My Day by Eleanor Roosevelt

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NEW YORK, Tuesday—The Progressive Schools' Committee for Refugee Children, Inc., is doing a really very appealing piece of work. I was glad yesterday afternoon to be able to speak for them before a small group, but I was even more interested to see the photographs of some of the children who have been in this country for two years or more.

The Committee places these children in farm schools, where they can live close to earth with the animals as companions. This seems to help them to adjust to the new life here after the horrors they have been through. Every nationality in Europe seems to be represented among these children.

Some of them have neither father nor mother here, most of them have one parent, sometimes a mother and sometimes a father. The other parent is frequently left behind in a concentration camp.

One little boy, for months, would speak to no one because he had seen his mother go out of her mind in Paris. Then, with his father, he fled from place to place, finally getting to Casablanca, then to Lisbon, and at last to the United States.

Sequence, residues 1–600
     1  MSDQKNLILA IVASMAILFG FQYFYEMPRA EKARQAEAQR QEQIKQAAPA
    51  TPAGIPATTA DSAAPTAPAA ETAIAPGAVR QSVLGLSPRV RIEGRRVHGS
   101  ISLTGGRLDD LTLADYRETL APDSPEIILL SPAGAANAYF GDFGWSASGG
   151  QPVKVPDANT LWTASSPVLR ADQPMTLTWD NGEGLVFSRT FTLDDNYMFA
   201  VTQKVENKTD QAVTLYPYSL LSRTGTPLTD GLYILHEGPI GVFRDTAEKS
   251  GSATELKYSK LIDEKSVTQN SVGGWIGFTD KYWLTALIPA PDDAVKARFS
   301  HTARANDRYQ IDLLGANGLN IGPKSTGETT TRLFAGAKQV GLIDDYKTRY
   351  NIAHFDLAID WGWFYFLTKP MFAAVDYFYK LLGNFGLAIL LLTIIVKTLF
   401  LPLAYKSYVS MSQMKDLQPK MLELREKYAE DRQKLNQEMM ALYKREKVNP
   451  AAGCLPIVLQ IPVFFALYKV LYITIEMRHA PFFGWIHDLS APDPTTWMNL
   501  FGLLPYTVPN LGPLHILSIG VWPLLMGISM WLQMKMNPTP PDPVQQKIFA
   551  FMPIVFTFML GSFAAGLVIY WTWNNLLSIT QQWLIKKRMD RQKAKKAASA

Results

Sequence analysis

In the school where he was, they very wisely left him alone for a time, until they found out that he was painting. Gradually, he painted out of his mind all the horrors he had been through. Now he is able to talk and laugh with the American children and seems to be a normal child.

The schools have given very generous scholarships, to these children, but it takes about $500 a year for their support. It takes the parents, as a rule, about two years to adjust and begin to earn enough money to take care of the children themselves.

Some of these children will be people who, having learned what democracy means over here, will, after the war, carry the message most effectively back to the countries of their birth.

The show at Madison Square Garden, in New York City, last night was a mixture of speeches and entertainment. Mayor La Guardia conducting the massed bands of the City of New York Police, Fire and Sanitation Departments, made the greatest hit.

I think the bravest and most appealing words came from Mrs. Barney Ross, who delivered a message for her husband, Corporal Barney Ross, United States Marine Corps. He has had to go back to the hospital with a recurrence of the malaria which he acquired on Guadalcanal. Mrs. Ross could hardly speak, but the audience knew why she was there and why she was so deeply stirred, and were grateful to her for coming.

E.R.
TMs, AERP, FDRL